Perhaps one of the most interesting uses of velvet antler in traditional Chinese medicine is to help increase the sexual power of men with erectile dysfunction. Many formulas treating sexual disorders contain deer antler as the primary ingredient.
Interestingly, it also has been prescribed for both male and female infertility.
The Chinese verbiage includes the use of velvet antler for many types of kidney dysfunctions, impotence, cold extremities, soreness, lack of strength in the lower back and knees, and frequent and copious urination. It is also touted for potentially helping a weak and thready pulse. Further investigation into the allegations of the healing prowess of velvet antler shows that it has also been used to help support treatment for anemia, dizziness, malnutrition, loss of muscle tissue, wasting diseases, and even to support immune stimulation. As a side benefit, most of the Chinese books on medical applications of velvet antler claim that it can help increase heart function and is included in treatment for irregular heartbeats or for people suffering with poor circulation.
As with many preparations used in Chinese medicine, velvet antler can be combined with many herbs to enhance its muscle-building stamina-producing, and medicinal properties. One of the more striking combinations is what the Chinese call the strong Man Bao; also known as a super aphrodisiac. They claim this is an excellent tonic for sexual prowess when velvet antler and ginseng are combined together. As we will discuss later, researchers have demonstrated that velvet antler contains both IGF -1 and luteinizing hormone and luteinizing hormone increases testosterone which may provide a basis for some of these more eclectic claims. More importantly, there is solid scientific evidence to show that ginseng stimulates increased levels of testosterone. However, the Chinese actually make the claim that the velvet antler is the primary remedy for male impotence, premature ejaculation, and general sexual debility. Their claim includes increased vitality, improved metabolism, and improved mental awareness, as well as increased circulation.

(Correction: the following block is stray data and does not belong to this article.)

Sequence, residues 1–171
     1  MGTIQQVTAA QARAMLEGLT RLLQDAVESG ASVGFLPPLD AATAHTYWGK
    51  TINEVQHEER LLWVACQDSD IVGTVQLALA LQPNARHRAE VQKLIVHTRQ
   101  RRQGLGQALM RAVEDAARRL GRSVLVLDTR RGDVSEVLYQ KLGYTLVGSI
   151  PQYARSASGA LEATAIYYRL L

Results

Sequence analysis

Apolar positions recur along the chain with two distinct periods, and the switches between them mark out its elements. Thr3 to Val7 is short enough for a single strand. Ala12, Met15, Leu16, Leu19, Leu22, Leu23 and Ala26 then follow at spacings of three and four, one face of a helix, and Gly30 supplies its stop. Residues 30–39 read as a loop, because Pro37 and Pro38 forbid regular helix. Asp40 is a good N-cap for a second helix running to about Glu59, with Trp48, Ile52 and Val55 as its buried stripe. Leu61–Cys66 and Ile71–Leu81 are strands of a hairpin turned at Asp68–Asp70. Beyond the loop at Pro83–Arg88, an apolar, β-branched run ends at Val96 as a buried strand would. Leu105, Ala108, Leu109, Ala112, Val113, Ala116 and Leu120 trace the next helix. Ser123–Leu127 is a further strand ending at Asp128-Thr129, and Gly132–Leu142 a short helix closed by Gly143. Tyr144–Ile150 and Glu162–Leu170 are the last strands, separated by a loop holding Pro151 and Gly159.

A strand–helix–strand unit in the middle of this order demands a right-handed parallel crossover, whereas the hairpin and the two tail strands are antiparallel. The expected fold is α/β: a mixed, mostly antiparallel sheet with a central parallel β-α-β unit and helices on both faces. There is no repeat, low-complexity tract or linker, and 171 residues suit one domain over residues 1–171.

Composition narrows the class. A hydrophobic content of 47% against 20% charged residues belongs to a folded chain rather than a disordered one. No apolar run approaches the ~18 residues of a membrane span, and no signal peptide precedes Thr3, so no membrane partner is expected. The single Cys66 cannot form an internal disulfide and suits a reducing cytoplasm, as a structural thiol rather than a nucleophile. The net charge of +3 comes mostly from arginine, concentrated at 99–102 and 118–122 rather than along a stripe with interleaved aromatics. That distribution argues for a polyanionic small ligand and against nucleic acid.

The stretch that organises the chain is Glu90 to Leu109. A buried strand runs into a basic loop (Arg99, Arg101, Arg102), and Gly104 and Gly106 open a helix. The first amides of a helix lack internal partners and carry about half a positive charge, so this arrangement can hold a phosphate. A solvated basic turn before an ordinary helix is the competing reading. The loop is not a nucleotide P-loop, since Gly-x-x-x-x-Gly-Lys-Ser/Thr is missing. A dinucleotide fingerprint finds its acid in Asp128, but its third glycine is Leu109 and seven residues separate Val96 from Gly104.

Another powerhouse combination is that of deer antler velvet and eurycoma longifolia (also called Long Jack). This plant is native to Southeastern Asian countries such as Malaysia and Indonesia, and has been traditionally used in certain Asian cultures for its aphrodisiacal attributes. It is known to help your body naturally increase testosterone levels and raise libido, as well as helping to support lean muscle growth and help reduce fat. When combined with IGF-1, the two compounds can work together to achieve the desired effect.
Other more elaborate claims for the use of velvet antler include helping improve menstrual disorders in women, helping increase sexual drive in women, supporting weight loss, and helping improve slow growth in children; even nursing mothers have been encouraged to take velvet antler to help build strong, healthy babies. The Koreans are the world's greatest consumers of velvet antler, the average family purchasing about 30 grams of velvet antler per year, and actually 80% of the world's production of velvet antler goes to the Korean market. New Zealand is also a larger producer of velvet antler and exports went from three tons in 1978 to 400 tons in 1992.
There is also research suggesting that deer antler has inflammatory properties, which we will explore further in next week’s blog!
Excerpt adapted from: Velvet Deer Antler: The Ultimate Antiaging Supplement by Dr. Alex Duarte, 2000.